MTPredictor Software Definitions of Terms
This page contains definitions of the terms used on this website
Isolation Approach to Elliott Wave
Our unique Isolation Approach looks at the main Elliott Wave patterns in isolation.
The isolation approach to Elliott Wave was Invented by Steve Griffiths and has been a fundamental part of MTPredictor since its launch in September 2001.
This means the analysis does not rely on any previous patterns to determine any current wave structure.
Wave labels not changing mid-trade
This means that when you are in a trade, the wave count will not change unless you are stopped out. If this happens, the software will re-evaluate any new data and reassess the wave structure. This can mean that as new data arrives there is a new wave structure present. For example, the training covers how a Wave C can turn into a Wave 3 as the Typical Wave C Wave Price Target (WPT) is exceeded.
This means that if you are stopped out, it will be a small, controlled 1R loss (-1R). This is where Position Sizing is vital. Losses can and do happen this is part of trading. But if you return to the trade that was stopped out, the wave count will be the same at that point as when you entered the trade. This is what we mean by wave labels not changing mid-trade as long as you are in the current trade (not stopped out), the pattern will stay the same as at the point of entry.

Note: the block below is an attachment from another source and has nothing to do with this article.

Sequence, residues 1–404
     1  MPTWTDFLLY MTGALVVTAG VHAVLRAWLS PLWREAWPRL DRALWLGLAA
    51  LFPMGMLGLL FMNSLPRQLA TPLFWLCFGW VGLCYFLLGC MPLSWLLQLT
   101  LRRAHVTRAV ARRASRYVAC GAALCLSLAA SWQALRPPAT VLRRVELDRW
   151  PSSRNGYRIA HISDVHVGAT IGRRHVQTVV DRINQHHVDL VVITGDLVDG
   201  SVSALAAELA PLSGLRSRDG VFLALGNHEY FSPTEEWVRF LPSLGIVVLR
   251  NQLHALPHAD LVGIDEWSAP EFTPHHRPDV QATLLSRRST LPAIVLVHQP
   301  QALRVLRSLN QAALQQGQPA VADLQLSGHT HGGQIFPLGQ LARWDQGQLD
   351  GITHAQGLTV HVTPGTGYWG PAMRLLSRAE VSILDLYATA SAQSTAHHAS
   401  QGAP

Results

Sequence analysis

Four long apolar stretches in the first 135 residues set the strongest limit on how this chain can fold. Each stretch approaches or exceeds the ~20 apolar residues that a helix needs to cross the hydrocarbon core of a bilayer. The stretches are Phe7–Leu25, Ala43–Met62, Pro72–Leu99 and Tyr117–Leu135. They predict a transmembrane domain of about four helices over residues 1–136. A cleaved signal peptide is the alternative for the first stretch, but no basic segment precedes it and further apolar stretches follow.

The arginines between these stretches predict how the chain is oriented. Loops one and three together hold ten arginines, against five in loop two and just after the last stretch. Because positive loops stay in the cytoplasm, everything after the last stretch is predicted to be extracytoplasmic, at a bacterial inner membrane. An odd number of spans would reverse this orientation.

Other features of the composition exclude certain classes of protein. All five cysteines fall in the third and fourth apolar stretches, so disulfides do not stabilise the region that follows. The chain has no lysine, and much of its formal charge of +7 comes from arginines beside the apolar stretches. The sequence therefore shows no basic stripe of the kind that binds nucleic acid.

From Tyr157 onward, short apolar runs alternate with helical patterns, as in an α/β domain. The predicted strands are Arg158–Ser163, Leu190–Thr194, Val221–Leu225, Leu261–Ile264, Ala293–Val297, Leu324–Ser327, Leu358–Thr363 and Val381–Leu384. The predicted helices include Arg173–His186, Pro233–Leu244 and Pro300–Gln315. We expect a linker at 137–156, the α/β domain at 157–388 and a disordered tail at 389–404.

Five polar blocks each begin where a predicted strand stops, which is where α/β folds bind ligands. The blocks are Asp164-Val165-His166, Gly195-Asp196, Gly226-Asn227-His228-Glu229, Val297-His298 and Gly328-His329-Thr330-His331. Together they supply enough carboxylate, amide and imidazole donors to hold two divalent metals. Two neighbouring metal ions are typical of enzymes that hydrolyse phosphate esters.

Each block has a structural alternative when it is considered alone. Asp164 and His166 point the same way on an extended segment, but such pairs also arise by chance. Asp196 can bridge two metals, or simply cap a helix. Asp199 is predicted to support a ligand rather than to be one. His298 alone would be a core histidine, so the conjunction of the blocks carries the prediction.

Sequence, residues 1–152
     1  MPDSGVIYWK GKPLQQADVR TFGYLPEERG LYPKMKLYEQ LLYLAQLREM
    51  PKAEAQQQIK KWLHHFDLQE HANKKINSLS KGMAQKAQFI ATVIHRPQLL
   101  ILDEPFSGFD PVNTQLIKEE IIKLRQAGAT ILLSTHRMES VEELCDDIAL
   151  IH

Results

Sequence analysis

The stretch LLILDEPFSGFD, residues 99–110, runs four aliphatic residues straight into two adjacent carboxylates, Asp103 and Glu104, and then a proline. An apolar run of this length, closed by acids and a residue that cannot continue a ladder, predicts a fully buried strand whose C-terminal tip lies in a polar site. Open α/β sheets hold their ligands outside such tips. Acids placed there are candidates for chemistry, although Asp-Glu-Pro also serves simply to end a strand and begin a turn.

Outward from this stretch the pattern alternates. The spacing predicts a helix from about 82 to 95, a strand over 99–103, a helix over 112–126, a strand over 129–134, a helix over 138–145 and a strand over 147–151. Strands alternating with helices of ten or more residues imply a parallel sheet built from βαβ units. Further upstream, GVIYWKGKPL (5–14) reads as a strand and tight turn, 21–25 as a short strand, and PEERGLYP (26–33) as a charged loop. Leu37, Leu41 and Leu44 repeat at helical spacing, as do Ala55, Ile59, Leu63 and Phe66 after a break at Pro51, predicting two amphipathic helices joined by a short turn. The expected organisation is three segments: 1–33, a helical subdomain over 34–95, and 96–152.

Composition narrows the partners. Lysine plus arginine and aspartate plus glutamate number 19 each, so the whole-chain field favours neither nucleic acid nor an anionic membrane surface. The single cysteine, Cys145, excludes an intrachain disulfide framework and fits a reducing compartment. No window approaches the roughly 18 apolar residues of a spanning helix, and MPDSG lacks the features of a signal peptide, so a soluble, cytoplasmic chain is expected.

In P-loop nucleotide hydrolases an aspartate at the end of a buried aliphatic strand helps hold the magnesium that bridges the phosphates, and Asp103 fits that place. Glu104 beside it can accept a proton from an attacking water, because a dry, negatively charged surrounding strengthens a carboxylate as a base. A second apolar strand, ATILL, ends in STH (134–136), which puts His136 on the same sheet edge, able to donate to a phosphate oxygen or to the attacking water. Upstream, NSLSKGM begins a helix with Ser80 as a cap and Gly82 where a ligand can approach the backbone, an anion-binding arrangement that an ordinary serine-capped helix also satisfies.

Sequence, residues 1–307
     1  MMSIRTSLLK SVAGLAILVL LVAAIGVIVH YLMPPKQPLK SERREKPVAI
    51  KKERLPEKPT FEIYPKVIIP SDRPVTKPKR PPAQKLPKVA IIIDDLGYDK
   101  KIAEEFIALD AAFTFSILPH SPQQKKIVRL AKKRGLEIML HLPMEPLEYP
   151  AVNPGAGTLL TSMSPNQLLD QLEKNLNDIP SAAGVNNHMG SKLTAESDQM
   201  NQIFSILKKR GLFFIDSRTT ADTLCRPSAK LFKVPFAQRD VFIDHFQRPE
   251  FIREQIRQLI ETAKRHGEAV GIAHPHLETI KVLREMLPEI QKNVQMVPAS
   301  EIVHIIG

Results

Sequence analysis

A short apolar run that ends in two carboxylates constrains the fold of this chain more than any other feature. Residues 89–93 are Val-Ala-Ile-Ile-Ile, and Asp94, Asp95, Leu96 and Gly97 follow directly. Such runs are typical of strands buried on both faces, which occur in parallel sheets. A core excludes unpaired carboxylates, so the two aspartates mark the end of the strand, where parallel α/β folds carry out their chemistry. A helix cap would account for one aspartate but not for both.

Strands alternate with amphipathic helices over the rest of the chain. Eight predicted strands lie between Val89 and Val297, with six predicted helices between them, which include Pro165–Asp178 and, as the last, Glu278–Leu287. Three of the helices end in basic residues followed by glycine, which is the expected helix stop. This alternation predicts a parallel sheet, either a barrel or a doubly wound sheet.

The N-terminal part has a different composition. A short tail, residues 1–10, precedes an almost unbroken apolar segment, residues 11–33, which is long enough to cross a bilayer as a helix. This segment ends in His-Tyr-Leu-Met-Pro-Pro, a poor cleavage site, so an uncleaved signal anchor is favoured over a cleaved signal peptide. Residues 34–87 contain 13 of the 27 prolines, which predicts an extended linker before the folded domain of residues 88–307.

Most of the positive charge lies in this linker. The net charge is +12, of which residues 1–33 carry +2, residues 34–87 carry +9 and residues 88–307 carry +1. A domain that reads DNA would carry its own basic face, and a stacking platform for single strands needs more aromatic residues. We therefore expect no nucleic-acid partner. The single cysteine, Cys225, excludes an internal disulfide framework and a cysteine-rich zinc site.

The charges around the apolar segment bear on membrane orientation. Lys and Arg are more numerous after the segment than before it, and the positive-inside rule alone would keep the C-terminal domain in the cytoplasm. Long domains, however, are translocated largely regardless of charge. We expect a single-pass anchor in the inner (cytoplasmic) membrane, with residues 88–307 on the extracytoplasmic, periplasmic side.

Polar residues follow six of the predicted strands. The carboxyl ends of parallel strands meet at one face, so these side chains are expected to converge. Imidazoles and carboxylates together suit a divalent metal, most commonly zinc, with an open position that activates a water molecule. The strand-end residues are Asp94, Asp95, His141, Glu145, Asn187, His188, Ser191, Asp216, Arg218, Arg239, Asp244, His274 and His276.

MTPredictor automatically finds only one Elliott wave pattern at any time. We do not deal in alternate wave counts, x waves and other irregularities which we believe cause confusion.
Also, we deal only with the most common and most reliable wave counts. We do not deal with complex corrections, because we believe (as the name suggests) they are complex, unreliable and should be avoided.
We suggest you manage the trade on the same time frame as the trade was entered. This avoids confusion with multiple time frames. However, we do suggest that you always check the higher degree time frame to make sure that any trades you consider are in the direction of the larger-degree trend.